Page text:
The National Post has a story today on a research note written by Maher Yaghi, a telecom analyst, warning about the “regulatory risks” of the CRTC’s review of the wireless code. The article focuses on a single analyst, but there is a long tradition in Canada of the industry saying one thing to the regulator and another to the business community (see, for example, Bell’s position on investing in fibre networks) so the comments likely reflect industry concerns. What regulatory risks might arise from changes to the wireless code?
Yaghi cites two concerns that lay plain why the industry has been fighting potential changes. The issue is not, as some would have you believe, increased regulatory costs. Rather, the fear is that changes would create better informed consumers who would seek cheaper pricing and be freer to take advantage of marketplace competition.
Yaghi says the industry is concerned with “mandated bill segmentation”, which would require providers to separate the monthly service cost from the cost of devices. Once two-year contracts expire and the cost of the device is paid off, consumers would likely want to know why their monthly cost remains largely unchanged. Yaghi notes:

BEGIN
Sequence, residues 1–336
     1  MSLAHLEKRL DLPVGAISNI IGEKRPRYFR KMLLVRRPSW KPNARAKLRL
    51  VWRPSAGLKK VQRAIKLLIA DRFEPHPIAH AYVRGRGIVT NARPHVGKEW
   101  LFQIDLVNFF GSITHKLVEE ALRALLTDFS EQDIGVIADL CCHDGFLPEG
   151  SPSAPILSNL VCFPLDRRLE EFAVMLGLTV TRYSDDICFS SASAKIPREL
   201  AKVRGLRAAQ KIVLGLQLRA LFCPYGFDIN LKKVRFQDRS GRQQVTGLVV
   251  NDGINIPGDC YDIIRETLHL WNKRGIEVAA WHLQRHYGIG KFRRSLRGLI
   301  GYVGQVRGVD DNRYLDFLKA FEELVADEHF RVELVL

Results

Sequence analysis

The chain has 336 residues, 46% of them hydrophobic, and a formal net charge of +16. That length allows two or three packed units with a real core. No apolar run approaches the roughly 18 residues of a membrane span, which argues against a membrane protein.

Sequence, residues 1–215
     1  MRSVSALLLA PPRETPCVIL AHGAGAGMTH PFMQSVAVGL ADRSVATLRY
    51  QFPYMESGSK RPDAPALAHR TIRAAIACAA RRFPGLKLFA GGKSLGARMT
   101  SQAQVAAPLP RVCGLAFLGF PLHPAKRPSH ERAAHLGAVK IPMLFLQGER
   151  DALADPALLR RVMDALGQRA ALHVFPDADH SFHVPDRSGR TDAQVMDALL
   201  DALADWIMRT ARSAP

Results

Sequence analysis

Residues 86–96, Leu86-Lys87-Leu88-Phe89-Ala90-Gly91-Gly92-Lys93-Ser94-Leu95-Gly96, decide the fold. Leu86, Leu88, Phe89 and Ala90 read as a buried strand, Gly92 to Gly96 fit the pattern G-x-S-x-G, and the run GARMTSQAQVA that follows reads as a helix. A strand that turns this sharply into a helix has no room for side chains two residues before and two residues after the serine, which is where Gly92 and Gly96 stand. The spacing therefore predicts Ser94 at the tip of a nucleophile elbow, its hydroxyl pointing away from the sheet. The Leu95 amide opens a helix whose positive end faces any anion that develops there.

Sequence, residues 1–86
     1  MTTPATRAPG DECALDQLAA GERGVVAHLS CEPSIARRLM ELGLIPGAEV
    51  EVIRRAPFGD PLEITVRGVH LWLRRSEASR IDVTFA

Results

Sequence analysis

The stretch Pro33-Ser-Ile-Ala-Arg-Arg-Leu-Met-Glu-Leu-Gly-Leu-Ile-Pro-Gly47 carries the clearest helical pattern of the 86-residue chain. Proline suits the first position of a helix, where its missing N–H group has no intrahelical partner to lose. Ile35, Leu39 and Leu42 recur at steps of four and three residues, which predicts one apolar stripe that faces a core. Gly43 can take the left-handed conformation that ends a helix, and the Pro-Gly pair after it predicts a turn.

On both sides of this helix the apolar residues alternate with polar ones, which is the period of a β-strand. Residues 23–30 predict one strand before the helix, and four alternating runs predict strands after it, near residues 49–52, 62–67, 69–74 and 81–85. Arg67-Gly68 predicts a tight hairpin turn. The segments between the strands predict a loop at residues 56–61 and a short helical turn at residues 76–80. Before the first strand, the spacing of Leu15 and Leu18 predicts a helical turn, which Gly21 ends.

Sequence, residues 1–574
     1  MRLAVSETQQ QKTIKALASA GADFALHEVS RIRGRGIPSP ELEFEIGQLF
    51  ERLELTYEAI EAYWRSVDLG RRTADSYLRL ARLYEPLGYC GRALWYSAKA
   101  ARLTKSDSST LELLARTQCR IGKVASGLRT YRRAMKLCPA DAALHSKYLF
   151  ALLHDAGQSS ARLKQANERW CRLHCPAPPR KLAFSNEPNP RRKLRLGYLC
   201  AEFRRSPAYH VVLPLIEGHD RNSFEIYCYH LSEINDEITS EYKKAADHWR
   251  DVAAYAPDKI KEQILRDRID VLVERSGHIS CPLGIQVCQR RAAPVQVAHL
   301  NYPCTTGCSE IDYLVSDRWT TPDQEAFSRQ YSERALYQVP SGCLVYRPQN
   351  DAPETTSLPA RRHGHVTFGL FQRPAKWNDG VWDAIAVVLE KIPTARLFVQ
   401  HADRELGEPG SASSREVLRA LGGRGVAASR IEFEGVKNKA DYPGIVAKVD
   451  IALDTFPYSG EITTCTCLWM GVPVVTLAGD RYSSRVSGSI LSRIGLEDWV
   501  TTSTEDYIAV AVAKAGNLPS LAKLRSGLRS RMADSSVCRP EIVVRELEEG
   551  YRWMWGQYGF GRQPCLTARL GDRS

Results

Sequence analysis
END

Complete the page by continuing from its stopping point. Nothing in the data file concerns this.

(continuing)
“In our view, bill segmentation would make the different charges more transparent to customers and would likely prompt them to look for cheaper (bring your own device) plans, which could pressure (average revenue per user) growth in the Canadian market.”
Yaghi says there is similar concern about the prospect of banning fees for unlocking phones. The reason is that removing the fees – which bear little relation to actual cost or purported concerns about fraud – would make it easier to switch providers and reduce roaming costs:
“We believe the current policy reduces churn and increases customer stickiness, decreasing competition slightly. It also allows wireless operators to generate profits from international roaming for customers who are travelling.”
The acknowledgement that mandated bill segmentation would lead to better informed consumers able to get more competitive pricing and that unlocking fees reduces the benefits of competition provides the CRTC with validation that the reforms would be pro-consumer and should be implemented with the forthcoming changes to the wireless code. Indeed, if the CRTC does not include the changes in the code, provincial governments should consider them as they work to update consumer protection laws for the digital marketplace.